Tristan also brings us reviews of pilot episodes for new shows BarryRise, and Alex, Inc.

Here’s that podcast, chock full of plenty of reviews:


Now it’s on to part two, and the main event:


Remember to plug in and comment responsibly!

Podcast March 23 – Tomb Raider, Final Portrait and Pacific Rim: Uprising

We just have to keep reminding ourselves that the summer blockbuster season is just around the corner….spring will have sprung by next week, and we can get past all these derivative late-winter duds.

For Cory and Tristan this week, it was about catching up and moving past some instantly forgettable releases, including the Alicia Vikander-led reboot of Tomb Raider.

Cory also suffered his way through the questionable sequel Pacific Rim: Uprising, but chased it with an artistic indie, Final Portrait, a biopic directed by Stanley Tucci.

Tristan saw some older female-driven films, including actioner Lucy, starring Scarlett Johansson as a limitless drug mule, and Amy Heckerling’s teenage rom-com Clueless, the flick that launched Alicia Silverstone’s career into orbit.

Join us as we discuss all those and more below:

Never forget to comment responsibly!

Music to Your Ears – Vance Joy, The Decemberists and Panic! at the Disco

I’m going to be honest, February was a bit of a rough month for me. Between work and apathy, there was a personal issue that came up. Suffice it to say, I just wasn’t really feeling any of the music that was coming out and I was having deep writer’s block – particularly when it came to this article. A weekly music update is one thing, but when you feel forced to do it, there’s no more joy to be derived from it. Around this time last year I had a similar doldrums, and I said then that this would be an article whenever the spark hit me. So, I apologize for disappearing for a while, but in that time there were two incredibly moving records we got. Let’s dive in below:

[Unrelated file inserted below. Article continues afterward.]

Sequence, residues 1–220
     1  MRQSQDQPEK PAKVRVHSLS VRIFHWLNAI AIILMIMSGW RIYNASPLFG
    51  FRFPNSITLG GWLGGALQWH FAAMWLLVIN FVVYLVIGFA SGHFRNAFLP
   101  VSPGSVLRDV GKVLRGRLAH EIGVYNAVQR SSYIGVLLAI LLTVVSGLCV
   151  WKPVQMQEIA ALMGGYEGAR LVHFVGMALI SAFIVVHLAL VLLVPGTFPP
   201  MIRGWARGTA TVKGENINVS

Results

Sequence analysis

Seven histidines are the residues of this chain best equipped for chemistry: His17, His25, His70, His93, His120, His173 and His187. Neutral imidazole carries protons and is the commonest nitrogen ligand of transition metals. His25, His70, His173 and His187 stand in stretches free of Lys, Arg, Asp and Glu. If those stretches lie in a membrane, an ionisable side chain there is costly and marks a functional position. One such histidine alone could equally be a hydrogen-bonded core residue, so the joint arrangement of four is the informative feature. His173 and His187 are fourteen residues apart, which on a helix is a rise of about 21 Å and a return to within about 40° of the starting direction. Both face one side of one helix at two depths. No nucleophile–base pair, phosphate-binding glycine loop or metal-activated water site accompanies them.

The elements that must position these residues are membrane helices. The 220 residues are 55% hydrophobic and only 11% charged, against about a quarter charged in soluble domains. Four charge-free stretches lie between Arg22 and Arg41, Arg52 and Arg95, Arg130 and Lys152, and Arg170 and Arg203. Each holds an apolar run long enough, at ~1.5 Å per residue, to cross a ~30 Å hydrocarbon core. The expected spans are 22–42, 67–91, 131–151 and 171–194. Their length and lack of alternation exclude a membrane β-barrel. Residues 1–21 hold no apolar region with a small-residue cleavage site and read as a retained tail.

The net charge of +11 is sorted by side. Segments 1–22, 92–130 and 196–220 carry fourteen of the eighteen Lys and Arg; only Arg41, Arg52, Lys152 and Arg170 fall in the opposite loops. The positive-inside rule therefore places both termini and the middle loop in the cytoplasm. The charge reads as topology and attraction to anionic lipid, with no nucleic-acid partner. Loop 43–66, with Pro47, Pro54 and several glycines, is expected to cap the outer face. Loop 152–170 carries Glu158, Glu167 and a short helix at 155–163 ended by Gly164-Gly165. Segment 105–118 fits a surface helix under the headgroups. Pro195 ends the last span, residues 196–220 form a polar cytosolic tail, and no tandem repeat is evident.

Vance Joy – Nation of Two

An early contender for album of the year, Nation of Two is one of the main things I’ve been listening to in the time between now and the last MTYE articles. I was already a fan of Vance Joy from his hit single “Riptide” back on 2014’s Dream Your Life Away, and in December the first track from this, “Lay It On Me”, managed to sneak into my honorable mentions for best songs of 2017. It only got better from there, as the above video will relate. Joy’s sentimentality surges forth from the start, balancing his trembling tenor with a plucky guitar. Something so simple shouldn’t be as effective as this, but I’m still marveling a month later at how much each subsequent song swells certain emotions within me. My favorite lyrical music is typically hypocritical – a bitter ballad of regret or lovelorn loss. Such unabashedly joyful sounds like each song on this album is surprising for me, but it lifts me up each listen. Take a chance on this and I guarantee you won’t be disappointed.

Key Tracks – Lay It On Me / Crashing Into You / Take Your Time

Continue reading Music to Your Ears – Vance Joy, The Decemberists and Panic! at the Disco